Summer 2015 has proven to be quite the summer, especially for the United States. In a little over a month, our southern states have been left harrowed by tragedies that will impact this nation for years to come. Amidst rising social, emotional, and political tensions, there has been one song in particular that has emerged preeminent months after its initial release.
While on the rise to anthem status, “Alright” has served as a catalyst to rejuvenate the morale of those who have felt the disparaging outlook of minorities in this country. Although considered one of the more upbeat tracks on Kendrick’s latest body of work, “Alright” explores a slew of melancholic themes laced with moments of genuine hopefulness. This volatile mixture creates the most visceral of reactions, that are as cacophonous as they are symphonic. Somewhere within the intensity of his vocal delivery, the meticulousness of his wordplay, and between the layers of Jazz, Motown and Hip Hop there is a foundation of honesty entrenched in his work. It is this honesty that allows us to trust and respect his art. As a master storyteller, Kendrick conjures explicit imagery with every word. “Alright” mirrors the layered experience of being human, and heavily combats the notion of respectability politics.
From the opening stanza you get a dose of raw intensity. It’s almost as if his voice reaches in and jacks up your soul. It’s as if he’s calling you out on your audacity to do anything other than believe in yourself. He reassures you that we’re all “fucked up” and reminds us that our redemption cannot be found within another person. Kendrick openly allows us to get a peek at his vices while also showing us the work he puts in to reach deeper and cultivate his purpose.
One of the main themes of the song is that the quest for growth is far from straightforward and is filled with pitfalls. Those pitfalls, however, must never make us feel unworthy or undeserving of the good things in life or, more importantly, life itself. The number of senseless deaths that we have been forced to face this summer has been nauseating. From Charleston, to Waller, to Chattanooga and to Lafayette, 18 lives (including two of the perpetrators) have been taken under different circumstances. Part of the reasoning for each death endured was the same: the disregard for human life. While blood seeped into the floor beneath pews, while strange fruit hung from a jail cell ceiling, while laughter turned into nightmares at a theater, and while bravery withstood its final test at a base, the world still subjectively calculated the value of each life. This is the reason this song exists.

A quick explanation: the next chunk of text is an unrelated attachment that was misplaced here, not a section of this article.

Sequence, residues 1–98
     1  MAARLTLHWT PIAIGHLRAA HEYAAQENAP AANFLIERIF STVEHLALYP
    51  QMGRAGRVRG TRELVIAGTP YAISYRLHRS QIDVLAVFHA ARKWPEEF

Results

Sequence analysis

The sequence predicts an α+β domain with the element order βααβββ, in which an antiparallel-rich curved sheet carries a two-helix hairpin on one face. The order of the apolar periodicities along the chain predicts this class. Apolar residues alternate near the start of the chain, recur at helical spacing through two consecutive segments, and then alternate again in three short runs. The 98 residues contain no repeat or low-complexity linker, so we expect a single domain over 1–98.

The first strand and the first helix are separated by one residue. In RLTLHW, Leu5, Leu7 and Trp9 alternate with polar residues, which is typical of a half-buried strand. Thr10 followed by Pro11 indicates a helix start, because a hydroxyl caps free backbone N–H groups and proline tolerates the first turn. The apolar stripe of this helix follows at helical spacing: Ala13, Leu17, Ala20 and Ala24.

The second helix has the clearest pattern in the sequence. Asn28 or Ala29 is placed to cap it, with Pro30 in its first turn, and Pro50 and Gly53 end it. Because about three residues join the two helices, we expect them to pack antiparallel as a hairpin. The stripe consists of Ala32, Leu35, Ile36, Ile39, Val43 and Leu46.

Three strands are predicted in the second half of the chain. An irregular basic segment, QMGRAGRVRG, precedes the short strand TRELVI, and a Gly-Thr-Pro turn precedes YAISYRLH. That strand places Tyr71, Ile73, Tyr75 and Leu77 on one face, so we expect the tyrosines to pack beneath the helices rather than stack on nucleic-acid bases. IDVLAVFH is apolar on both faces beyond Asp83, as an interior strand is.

Some of the lines compare to one of the events that transpired. I’m caught between thinking this song was an act of foreshadowing or déjà vu. “When our pride was low, looking at the world like where do we go. . .I’m at the preacher’s door, my knees gettin’ weak and my gun might blow” floored me after hearing about the Charleston shooting. There are no words to describe how it feels to realize that a place you may go for sanctuary and solace is no longer a place where you can be at ease. How do you describe how it feels to know that there is no space where your aren’t seen as a threat?
I keep my head up high
I cross my heart and hope to die
Lovin’ me is complicated
Too afraid, a lot of changes
I’m alright and you’re a favorite
Dark nights in my prayers
I remembered you was conflicted
Misusing your influence, sometimes I did the same
Abusing my power full of resentment
Resentment that turned into a deep depression
Found myself screamin’ in the hotel room
I didn’t wanna self-destruct, the evils of Lucy was all around me
So I went runnin’ for answers
The last two stanzas of “Alright” sum up the piece nicely and gives you further context in terms of how this song fits in the overarching story of the album. Every day is a new opportunity for change, and unfortunately every change isn’t a good change. Don’t let that knowledge make you fearful. Sometimes, when we get caught up in this web of life, loving ourselves and others can become complicated, but that does not mean that it is impossible. There will be times where we feel confused, disgusted and hopeless, and there will be times when we abuse our power. Though we may feel the weight of resentment, we must remember that realizing where we falter is the only way that we can improve. Despite the pressure, we must remain resilient.
If you didn’t think that the content of the lyrics to this song was enough, or if you’ve had ‘To Pimp a Butterfly’ on rotation a little too heavily, take a look at the official video and BET performance. Just be prepared to possibly go into imagery overload. Both the music video and live performance of this song provided arresting visuals (no pun intended) that intensified the symbolism of this song. These performances make the song even more electrifying and leaving you feeling charged up. In fact, it’s starting to become a rallying chant of hope. Recently, Yasiin Bey, aka Mos Def, came to the stage with Kendrick at the Osheaga Music festival and remixed the chorus saying “We’re already alright”, which only strengthened the song’s bite. So keep pushing for answers, and don’t allow the pressures of society make you self-destruct.
‘Cause we gonna be alright.
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